SAN FRANCISCO (Reuters) - Qualcomm Inc, the world’s biggest maker of cellphone chips, unexpectedly named Chief Operating Officer Steve Mollenkopf as chief executive on Friday, heading off the possibility he might be poached to run Microsoft Corp.
Mollenkopf had been in line to eventually succeed CEO Paul Jacobs, the 51-year-old son of a Qualcomm co-founder, but that plan was sped up in order to keep the senior executive from leaving, Jacobs told Reuters in an interview.
“Our executives are very talented and very sought after,” Jacobs said, when asked by Reuters whether the promotion was related to an offer from Microsoft.
“The timing is a little faster than we originally planned but the key thing is to make sure we kept management continuity,” Jacobs said.
Jacobs and Mollenkopf declined to specifically discuss Microsoft or whether Mollenkopf had a job offer from the world’s largest software company, which is seeking a candidate to replace retiring CEO Steve Ballmer.
On Thursday, Bloomberg News reported that Microsoft has been considering Mollenkopf as a candidate for CEO.
“He would have been an awesome (Microsoft) CEO,” said FBR analyst Chris Rolland. “But Qualcomm didn’t want to lose him, and it makes sense to me.”
“If I were the son of a founder of a $130 billion company, I would want to make sure I have the top guy behind me - and Steve is definitely that guy,” Rolland said.
Removing Mollenkopf from the shortlist of CEO candidates at Microsoft could complicate matters for its board. The company was down to a “handful” of candidates with no clear leader, sources familiar with the matter told Reuters this week.
Mollenkopf, 44, will take the reins in March, as Qualcomm faces a shift in smartphone growth away from the United States toward China, where it faces an antitrust investigation and where consumers often spend less on their phones.
Qualcomm shares were flat at $72.73 on Nasdaq, suggesting investors saw little impact from the change.
Jacobs, who replaced his father Irwin as Qualcomm CEO in 2005, will serve as executive chairman and focus on developing new technology and long-term opportunities, the company said.
“Paul is a visionary guy and Mollenkopf really knows how to run things. So I think this division of labor makes a ton of sense, although it’s a little earlier than I would have expected,” said Bernstein analyst Stacy Rasgon.
Under Jacobs, Qualcomm, founded in 1985, has become the top chip supplier for smartphones and its stock value has surpassed that of Intel Corp. Intel is still the world’s largest chipmaker by revenue but is struggling to gain a foothold in mobile.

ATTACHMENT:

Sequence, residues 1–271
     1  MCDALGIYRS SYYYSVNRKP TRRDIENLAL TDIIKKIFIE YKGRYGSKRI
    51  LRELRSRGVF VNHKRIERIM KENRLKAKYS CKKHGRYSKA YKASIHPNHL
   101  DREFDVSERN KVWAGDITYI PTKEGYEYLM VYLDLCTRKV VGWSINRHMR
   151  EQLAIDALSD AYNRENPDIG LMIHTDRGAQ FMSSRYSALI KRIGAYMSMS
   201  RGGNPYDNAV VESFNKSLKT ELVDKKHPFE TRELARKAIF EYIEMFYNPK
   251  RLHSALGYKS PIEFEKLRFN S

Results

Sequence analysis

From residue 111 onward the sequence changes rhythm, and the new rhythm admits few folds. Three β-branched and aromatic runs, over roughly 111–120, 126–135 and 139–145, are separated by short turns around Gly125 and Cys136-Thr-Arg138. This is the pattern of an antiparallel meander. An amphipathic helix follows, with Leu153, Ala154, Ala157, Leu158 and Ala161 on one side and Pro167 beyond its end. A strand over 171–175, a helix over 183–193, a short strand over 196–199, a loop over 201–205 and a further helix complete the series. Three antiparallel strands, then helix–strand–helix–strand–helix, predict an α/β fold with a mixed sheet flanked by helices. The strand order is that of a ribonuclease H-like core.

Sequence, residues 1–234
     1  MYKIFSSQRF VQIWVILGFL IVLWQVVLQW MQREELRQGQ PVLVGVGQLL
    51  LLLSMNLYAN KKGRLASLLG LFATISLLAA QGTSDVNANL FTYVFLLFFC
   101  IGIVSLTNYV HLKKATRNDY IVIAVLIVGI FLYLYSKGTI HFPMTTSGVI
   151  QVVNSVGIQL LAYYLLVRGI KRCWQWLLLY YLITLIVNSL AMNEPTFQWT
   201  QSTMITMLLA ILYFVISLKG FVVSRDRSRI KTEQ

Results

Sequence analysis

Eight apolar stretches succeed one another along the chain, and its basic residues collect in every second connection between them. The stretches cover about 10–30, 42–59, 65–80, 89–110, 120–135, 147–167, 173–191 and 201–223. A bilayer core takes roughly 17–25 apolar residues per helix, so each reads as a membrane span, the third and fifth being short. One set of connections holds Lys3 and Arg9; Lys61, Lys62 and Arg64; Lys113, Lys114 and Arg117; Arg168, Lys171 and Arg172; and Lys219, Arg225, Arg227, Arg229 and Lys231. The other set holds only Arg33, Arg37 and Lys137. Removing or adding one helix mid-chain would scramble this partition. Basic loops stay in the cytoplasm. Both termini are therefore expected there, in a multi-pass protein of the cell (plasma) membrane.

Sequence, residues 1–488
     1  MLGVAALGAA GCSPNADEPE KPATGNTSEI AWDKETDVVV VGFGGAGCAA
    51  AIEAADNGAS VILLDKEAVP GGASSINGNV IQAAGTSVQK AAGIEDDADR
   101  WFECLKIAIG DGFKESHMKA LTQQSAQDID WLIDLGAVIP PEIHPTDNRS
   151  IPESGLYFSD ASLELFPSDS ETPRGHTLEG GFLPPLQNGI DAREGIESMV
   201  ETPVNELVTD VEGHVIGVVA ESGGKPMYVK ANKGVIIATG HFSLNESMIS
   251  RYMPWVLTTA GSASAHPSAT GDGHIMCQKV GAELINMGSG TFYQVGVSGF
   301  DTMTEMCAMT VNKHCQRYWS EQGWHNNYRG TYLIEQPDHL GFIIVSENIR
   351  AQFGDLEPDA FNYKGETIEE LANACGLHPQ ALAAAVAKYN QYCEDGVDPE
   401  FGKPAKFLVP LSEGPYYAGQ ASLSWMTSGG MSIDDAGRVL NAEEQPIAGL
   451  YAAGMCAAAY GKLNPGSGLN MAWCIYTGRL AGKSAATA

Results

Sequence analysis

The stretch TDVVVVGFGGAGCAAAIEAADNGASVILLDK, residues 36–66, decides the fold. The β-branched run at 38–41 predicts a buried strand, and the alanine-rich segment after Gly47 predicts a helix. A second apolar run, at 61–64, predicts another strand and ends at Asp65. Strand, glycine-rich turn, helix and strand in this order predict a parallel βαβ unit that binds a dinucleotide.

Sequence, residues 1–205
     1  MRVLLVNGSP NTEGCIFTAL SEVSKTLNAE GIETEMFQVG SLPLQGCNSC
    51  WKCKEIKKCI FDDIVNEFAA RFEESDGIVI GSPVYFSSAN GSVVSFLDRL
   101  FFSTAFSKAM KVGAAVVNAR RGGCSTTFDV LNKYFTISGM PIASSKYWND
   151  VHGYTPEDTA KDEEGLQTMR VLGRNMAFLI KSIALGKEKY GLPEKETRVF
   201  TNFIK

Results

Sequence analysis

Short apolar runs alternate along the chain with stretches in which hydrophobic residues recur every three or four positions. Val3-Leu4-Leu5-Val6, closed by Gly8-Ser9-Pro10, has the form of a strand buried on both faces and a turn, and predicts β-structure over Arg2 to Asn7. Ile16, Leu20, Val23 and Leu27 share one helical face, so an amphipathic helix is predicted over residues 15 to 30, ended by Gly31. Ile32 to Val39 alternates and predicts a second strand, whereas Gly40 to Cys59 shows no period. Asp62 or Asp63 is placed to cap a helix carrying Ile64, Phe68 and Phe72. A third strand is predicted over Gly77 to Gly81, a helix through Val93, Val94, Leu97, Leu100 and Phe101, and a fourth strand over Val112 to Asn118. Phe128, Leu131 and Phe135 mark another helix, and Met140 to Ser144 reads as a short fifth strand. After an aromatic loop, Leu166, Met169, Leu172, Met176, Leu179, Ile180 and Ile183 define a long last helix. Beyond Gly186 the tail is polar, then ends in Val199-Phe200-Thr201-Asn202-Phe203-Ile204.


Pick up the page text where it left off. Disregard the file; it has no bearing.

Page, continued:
Investors have been urging Qualcomm to give back more of its profits, and last month Jacobs promised to return three-quarters of its free cashflow to shareholders.
Mollenkopf, an engineer, led Qualcomm’s $3.1 billion acquisition of radio frequency chipmaker Atheros Communications Inc in 2011, its biggest acquisition. He will replace Jacobs on March 4, after the annual shareholder meeting.
Under Jacobs’ leadership, the company’s share price has more than doubled, giving Qualcomm a market capitalization of over $120 billion, while earnings have tripled. The Philadelphia SE Semiconductor Index has risen just over 20 percent in the same period.
While most of Qualcomm’s revenue comes from chips that allow phones to communicate with carrier networks, most of its profit comes from licensing patents for its CDMA cellphone technology - a component in new fourth-generation mobile phones.
Mollenkopf focuses mostly on the semiconductor side of Qualcomm’s business.
“If anything, Mollenkopf in the lead means (an) intense commitment to the semi business,” said Argus Research analyst Jim Kelleher.
The antitrust investigation in China will be a key concern for the new CEO. China’s top economic planning agency has substantial evidence against Qualcomm, state media quoted a senior official as saying on Thursday.
Half of Qualcomm’s revenue comes from China, including Foxconn Technology Group, which assembles most of the world’s top-selling electronic gadgets including Apple Inc’s iPhone.
Most of the chips the company sells in China are used in devices that are exported. But domestic Chinese sales make up around a fifth of Qualcomm revenue and it is positioned to reap the vast majority of licensing fees for phone chips in the world’s biggest smartphone market.
Qualcomm denies any wrongdoing and says it is cooperating with the probe, which analysts say is likely tied to royalty negotiations ahead of the impending $16 billion rollout of commercial fourth-generation services by China’s big telecoms carriers.
Additional reporting by Nadia Damouni and Sinead Carew in New York; Writing by Rodney Joyce; Editing by Kirti Pandey, Ted Kerr and Richard Chang